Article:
"These folks didn't drift away. They gave us reasons why they left," said researcher Charles Zech of Villanova University's Center for the Study of Church Management, which conducted the study.

The result was what Zech and Byron called a non-random "convenience survey" built on 298 usable surveys collected from Catholics who said they had left their local parishes, the Catholic faith or both. The typical respondent was a 53-year-old woman.

"This is a very critical demography for the church," said Zech. "If we are losing 53-year-old women, we are at risk of losing their children and their grandchildren. I think that it makes a lot of sense to listen to what they have to say."

No one was surprised, said Byron, that many of ex-Catholics -- when asked to cite church doctrines that troubled them -- complained about issues such as birth control, celibacy for priests, "conservative haranguing" about homosexuality and the ban on female priests. Several respondents said they had separated themselves from "the hierarchy," but not the church.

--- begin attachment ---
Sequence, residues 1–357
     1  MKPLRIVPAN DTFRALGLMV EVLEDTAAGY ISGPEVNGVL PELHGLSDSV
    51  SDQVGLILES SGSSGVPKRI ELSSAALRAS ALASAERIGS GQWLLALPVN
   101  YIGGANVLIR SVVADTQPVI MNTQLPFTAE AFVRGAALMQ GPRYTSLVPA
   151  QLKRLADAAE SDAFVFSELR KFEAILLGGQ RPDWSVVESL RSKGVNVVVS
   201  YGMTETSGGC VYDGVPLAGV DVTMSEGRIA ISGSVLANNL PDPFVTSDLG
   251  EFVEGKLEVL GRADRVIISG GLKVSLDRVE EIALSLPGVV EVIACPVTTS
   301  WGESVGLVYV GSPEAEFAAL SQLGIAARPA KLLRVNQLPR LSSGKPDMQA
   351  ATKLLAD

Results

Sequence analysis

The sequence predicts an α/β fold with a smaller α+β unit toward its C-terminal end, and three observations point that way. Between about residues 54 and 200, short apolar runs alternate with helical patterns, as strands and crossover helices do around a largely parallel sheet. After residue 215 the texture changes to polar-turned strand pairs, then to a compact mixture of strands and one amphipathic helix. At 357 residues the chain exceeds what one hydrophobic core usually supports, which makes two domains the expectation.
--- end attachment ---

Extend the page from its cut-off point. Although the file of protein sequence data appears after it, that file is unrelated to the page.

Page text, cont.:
Some complaints were harder to label, said Byron. Many complained that the church had hidden clergy who were guilty of sexually abusing young children and teen-agers. Some wanted to see local bishops make public apologies. Others said they wished they had a chance to personally tell their bishop to "go to hell."

Others simply complained about lousy music, inadequate youth programs, shallow Christian education classes, rude receptionists and frequent pulpit appeals for money. Some respondents said they wanted to find churches with better preaching and more enthusiastic worship services.

The researchers were surprised that just as many participants praised their priests as complained about them. Nevertheless, any bishop would flinch when reading the words of an ex-Catholic who was convinced that the local priest had "crowned himself king and looks down on all." Another simply requested that the diocese "give us an outwardly loving, kind, Christian Catholic pastor."

The research team hopes, in the near future, to be invited to so similar "exit interview" work in other dioceses. Two bishops have already submitted requests.

It will be tempting for priests and bishops to glance at these results and simply said, "There's nothing new here," said Byron.

"There is a lot that's new here and there's a lot that should be paid attention to. You can't let what is an internal denial crop up and say, 'We've already heard it.' You've got to listen. You've got to respect it."

Orthodox bishop on hot spot